Nine die in yellow fever outbreak, disease spreads to 16 states

Nine people have been confirmed dead from yellow fever outbreak, the Nigeria Centre for Disease Control (NCDC) has said.

NCDC in its situation report on yellow fever in the country released for the first epidemiological week in 2018 said the disease has so far been confirmed in 12 local government areas across seven states.

The states are: Kwara, Kano, Niger, Nasarawa, Kebbi, Kogi and Zamfara.

The current outbreak started in Ifelodun Local Government Area in Kwara State with the first case detected in a seven-year-old girl in September 2017.

The girl had no previous history of yellow fever vaccination.

She also had no travel history outside her state two years before the illness.

Since that incident, a total of 16 states, Abia, Borno, Kogi, Kwara, Kebbi, Plateau, Zamfara, Enugu, Oyo, Anambra, Edo, Lagos, Kano, Nasarawa, Katsina and Niger, have reported suspected cases.

As at January 2, a total of 358 suspected yellow fever cases had been line-listed out of which 230 blood samples collected and sent to the laboratory for confirmation, the country’s agency for disease control said.

NCDC said out of the samples collected and tested in five different Nigerian laboratories, 63 tested positive to the disease and one was inconclusive.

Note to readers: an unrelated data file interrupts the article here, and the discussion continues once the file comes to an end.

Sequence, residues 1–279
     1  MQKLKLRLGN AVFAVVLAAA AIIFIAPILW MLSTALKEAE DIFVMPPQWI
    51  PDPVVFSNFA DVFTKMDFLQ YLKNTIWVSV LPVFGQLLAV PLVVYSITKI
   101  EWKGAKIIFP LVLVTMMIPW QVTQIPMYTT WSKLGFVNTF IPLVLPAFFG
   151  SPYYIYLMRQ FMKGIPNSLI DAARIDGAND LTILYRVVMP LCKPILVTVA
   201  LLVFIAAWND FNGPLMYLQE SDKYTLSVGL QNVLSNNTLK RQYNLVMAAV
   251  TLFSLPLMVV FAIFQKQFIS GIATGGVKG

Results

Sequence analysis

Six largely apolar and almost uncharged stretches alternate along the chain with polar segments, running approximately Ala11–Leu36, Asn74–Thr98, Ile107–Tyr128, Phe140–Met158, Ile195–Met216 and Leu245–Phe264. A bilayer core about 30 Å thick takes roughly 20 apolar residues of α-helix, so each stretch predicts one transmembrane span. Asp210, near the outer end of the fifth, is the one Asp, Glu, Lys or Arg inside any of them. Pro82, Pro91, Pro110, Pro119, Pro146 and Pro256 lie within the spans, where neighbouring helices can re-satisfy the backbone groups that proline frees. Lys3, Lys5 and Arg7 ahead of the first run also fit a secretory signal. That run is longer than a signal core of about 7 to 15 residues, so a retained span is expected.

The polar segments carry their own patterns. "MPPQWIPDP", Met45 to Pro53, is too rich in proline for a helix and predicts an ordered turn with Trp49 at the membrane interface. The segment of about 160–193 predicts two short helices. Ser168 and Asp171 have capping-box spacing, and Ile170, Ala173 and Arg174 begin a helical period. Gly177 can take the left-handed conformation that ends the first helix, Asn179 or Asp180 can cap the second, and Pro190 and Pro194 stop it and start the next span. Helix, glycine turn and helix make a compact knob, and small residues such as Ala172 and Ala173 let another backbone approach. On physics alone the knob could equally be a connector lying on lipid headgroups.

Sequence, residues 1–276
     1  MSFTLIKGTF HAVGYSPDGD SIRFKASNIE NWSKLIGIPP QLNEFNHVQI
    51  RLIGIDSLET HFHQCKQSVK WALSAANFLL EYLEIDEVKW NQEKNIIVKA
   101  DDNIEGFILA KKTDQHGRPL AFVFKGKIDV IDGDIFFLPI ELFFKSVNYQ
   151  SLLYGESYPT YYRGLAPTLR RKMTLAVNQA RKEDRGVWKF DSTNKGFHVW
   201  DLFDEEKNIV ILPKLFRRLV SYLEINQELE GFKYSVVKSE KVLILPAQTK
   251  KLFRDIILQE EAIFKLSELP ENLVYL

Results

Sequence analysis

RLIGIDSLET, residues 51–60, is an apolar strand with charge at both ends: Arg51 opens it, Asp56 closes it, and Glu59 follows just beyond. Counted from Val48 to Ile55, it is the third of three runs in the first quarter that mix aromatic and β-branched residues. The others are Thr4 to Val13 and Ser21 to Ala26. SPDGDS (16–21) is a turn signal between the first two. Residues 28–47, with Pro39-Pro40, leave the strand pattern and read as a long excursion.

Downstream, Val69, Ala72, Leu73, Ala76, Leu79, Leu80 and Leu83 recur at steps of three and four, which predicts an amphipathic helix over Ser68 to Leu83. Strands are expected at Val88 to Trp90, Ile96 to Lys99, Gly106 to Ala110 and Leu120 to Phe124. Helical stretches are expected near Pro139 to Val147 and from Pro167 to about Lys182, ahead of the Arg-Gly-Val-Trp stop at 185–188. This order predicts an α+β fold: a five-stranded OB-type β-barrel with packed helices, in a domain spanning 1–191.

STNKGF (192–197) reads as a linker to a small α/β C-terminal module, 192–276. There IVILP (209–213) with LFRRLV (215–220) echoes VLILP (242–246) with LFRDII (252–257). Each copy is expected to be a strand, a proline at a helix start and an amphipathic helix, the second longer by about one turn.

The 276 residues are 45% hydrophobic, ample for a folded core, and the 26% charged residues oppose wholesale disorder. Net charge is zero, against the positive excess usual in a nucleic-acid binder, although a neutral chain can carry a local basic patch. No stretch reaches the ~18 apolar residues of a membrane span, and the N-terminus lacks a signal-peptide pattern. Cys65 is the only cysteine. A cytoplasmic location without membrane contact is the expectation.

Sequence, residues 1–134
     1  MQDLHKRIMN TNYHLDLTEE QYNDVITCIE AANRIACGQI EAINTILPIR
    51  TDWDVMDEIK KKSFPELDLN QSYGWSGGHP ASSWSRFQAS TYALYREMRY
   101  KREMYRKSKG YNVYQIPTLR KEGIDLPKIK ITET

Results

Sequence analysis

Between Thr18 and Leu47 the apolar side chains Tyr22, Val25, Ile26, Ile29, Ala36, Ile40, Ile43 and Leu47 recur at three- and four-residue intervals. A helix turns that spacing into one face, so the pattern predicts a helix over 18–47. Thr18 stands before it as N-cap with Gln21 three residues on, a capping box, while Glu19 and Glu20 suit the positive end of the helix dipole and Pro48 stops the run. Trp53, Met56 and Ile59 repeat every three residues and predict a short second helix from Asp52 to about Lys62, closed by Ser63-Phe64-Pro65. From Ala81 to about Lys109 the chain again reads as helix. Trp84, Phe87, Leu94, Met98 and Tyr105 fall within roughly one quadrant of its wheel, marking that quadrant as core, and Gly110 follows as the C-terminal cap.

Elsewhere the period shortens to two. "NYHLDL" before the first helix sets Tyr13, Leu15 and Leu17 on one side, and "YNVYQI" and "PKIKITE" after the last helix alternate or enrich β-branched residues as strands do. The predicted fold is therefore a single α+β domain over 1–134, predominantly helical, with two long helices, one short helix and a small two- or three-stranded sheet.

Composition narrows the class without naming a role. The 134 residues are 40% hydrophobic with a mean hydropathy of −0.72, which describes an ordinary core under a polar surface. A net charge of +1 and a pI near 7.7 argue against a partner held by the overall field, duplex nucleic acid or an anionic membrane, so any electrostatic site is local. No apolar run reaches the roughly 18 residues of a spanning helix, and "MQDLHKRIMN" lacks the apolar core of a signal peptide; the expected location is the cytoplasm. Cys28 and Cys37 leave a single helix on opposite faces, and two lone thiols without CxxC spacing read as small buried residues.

The same 64 samples were then sent to the World Health Organisation (WHO) laboratory.

“Of the 64 (positive and inconclusive) samples sent to the World Health Organisation laboratory in Dakar, Senegal, for laboratory confirmation, 32 were positive, 24 negative and seven results are still pending,” it stated.

The agency further said that the total number of deaths in all cases (suspected, probable and confirmed cases) is 45, with nine listed as confirmed.

The predominant age group affected are 20 years and below, accounting for 67. 8 percent and the male to female ratio was 1.6 to 1, it added.

Prof Isaac Adewole, Minister of Health, after the first case in Kwara State had said the Federal Government will embark on a nationwide vaccination against the disease by December, last year, to curb its spread.

Adewole explained that the vaccination was as a result of the outbreak in Kwara State and it signified that many Nigerians are not immune to yellow fever.

Yellow fever is one of the vaccine preventable diseases which is expected to be given to children during the routine immunisation.

Adults are also required to be vaccinated and issued a yellow fever card or certificate which is meant to be asked from travellers arriving from countries with risk of the disease.

The routine yellow fever vaccination was introduced to Nigeria’s expanded programme on immunisation (EPI) in 2004.

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